At last! Featureban 3.0 and Changeban 1.2

As long promised, there is now an official 3.0 version of Featureban that incorporates the best of Changeban, making it easier to facilitate and more fun to play. Changeban itself has a new version 1.2 after some weeks in beta.

For the uninitiated, Featureban is (and I quote) our simple, fun, and highly customisable kanban simulation game. Since its creation in 2014 it has been used by trainers and coaches in Lean, Agile and Kanban-related events the world over. Changeban was derived from Featureban and retains many similarities, which is how improvements to Changeban have ultimately benefited Featureban too.

Which to use?

  • Featureban if you’re teaching Kanban in a development context and/or want to teach Kanban metrics
  • Changeban for most other purposes

I don’t go out of my way to advertise Kanban training. No big drama there but I have other priorities now and there’s no shortage of people who can do it. However, being the author of a recommended book has its privileges and I do get asked from time to time! In accordance with my experience before explanation” mantra I always start any training with Featureban. I get to use Changeban rather more often these days – it’s a fixture at Advanced Agendashift workshops (see public workshop listings at the end of this announcement).

Key changes:

  • For Changeban, version 1.0 represented the completion of a transition from the use of coins as the source of variation to the use of cards instead (more on those in a moment). Featureban 3.0 does the same, with a transitional (coins or cards) version 2.3 and a classic 2.2 version (coins only) still available for old times’ sake in the Dropbox.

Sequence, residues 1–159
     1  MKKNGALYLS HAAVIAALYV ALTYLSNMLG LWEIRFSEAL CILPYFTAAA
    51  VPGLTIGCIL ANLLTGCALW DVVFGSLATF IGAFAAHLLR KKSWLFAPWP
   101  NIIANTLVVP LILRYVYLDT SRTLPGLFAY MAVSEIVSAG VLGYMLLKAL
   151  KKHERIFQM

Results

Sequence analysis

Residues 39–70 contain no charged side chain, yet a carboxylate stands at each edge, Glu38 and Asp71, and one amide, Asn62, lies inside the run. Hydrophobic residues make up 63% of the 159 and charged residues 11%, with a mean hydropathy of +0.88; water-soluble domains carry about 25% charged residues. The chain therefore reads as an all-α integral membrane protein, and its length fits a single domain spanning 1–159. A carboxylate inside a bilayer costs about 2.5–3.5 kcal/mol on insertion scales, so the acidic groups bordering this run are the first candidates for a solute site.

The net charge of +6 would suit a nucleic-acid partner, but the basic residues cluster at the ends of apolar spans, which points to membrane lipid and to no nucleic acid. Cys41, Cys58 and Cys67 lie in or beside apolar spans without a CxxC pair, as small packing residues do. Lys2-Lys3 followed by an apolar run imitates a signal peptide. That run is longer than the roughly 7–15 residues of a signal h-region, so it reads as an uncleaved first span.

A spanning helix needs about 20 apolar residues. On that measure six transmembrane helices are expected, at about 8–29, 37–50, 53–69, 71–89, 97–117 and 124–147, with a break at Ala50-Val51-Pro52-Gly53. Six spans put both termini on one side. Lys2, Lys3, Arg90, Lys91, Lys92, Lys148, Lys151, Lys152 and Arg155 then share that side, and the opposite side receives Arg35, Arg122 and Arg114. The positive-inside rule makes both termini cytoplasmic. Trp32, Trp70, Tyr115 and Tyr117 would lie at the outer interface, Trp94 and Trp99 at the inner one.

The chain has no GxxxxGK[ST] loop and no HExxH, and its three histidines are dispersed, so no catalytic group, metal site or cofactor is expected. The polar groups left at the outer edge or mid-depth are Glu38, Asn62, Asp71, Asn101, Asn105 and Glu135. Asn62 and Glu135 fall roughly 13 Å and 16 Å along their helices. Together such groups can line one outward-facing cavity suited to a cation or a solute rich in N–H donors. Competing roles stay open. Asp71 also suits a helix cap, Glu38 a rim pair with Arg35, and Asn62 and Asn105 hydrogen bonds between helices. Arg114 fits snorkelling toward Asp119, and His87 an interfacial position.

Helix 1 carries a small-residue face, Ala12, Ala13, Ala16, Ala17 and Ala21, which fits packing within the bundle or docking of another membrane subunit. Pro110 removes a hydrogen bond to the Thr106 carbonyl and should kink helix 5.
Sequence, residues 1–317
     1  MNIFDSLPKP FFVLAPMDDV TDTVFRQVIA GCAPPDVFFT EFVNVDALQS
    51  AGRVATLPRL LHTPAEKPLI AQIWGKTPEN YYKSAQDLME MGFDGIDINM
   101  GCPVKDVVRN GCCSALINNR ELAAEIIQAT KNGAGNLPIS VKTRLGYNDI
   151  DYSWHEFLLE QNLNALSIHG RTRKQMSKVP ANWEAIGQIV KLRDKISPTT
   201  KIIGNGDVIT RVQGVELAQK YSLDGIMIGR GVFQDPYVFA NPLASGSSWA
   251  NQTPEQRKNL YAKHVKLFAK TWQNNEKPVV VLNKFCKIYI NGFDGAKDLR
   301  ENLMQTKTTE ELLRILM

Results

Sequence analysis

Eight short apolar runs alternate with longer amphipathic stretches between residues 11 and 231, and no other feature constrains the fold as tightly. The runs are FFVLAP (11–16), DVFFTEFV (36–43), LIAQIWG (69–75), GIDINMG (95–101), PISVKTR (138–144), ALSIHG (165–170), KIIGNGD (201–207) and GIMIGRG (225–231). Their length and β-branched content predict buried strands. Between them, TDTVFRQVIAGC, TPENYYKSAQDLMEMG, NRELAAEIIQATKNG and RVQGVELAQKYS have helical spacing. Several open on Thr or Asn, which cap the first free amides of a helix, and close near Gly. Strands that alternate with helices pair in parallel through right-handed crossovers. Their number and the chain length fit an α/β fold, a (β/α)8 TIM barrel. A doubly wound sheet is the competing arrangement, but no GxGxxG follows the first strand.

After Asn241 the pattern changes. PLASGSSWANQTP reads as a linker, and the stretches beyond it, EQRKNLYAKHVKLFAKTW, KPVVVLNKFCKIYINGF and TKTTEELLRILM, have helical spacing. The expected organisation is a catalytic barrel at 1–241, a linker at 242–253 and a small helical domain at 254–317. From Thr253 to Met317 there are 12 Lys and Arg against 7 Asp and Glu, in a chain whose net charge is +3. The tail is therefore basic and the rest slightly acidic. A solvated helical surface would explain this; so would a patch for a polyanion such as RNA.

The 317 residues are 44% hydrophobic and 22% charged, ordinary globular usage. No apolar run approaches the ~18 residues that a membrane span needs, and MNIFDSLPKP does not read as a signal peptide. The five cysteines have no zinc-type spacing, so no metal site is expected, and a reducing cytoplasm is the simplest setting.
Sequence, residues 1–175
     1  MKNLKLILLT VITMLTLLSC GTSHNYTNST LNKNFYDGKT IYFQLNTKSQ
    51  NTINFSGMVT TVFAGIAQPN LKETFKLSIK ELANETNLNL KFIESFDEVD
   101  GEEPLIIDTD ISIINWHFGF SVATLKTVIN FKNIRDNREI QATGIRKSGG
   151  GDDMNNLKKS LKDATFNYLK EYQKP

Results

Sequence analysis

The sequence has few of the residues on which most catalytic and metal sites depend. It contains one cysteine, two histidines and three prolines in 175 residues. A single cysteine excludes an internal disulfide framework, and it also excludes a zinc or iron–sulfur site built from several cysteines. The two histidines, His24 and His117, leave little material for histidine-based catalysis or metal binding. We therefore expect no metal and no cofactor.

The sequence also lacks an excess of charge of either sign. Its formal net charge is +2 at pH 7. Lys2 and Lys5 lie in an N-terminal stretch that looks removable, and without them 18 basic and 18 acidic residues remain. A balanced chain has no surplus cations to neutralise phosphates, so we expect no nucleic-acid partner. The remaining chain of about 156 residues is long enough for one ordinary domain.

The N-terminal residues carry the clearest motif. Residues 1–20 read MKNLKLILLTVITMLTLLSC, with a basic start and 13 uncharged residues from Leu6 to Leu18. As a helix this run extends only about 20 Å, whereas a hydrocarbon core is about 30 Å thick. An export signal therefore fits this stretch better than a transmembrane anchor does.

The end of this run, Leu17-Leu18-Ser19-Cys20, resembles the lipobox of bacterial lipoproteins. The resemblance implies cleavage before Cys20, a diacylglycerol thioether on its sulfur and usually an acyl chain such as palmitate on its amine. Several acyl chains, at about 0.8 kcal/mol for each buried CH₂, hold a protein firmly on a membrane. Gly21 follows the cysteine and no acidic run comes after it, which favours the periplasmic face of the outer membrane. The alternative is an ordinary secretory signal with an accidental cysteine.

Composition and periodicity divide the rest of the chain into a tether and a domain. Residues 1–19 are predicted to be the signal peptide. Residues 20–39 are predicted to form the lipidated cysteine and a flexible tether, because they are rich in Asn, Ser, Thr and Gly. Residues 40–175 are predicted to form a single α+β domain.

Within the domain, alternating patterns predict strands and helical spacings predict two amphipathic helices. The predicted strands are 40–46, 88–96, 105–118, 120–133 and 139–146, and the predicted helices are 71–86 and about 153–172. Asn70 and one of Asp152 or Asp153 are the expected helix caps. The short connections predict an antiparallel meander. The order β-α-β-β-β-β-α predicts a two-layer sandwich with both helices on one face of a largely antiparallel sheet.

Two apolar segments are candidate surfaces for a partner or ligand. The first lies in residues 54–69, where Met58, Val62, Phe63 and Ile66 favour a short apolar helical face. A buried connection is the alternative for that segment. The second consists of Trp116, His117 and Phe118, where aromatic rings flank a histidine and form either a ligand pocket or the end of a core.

• Affecting Featureban only, its biggest source of confusion has been eliminated. There is now no mention of pairing and gone are the well-intentioned but non-obvious restrictions that went with that; instead players may “help someone” (anyone!) if they’re out of other options. There is a small price to pay and it’s the reason for my hesitation to address the frustration: the flow efficiency calculation in the spreadsheet is now merely an estimate.
  • Changes to the slides to make both games quicker and easier to introduce. Changeban has improved in this regard even since the recent video! Thank you (once again) to Steven Mackenzie for the nudge and for your own experiments.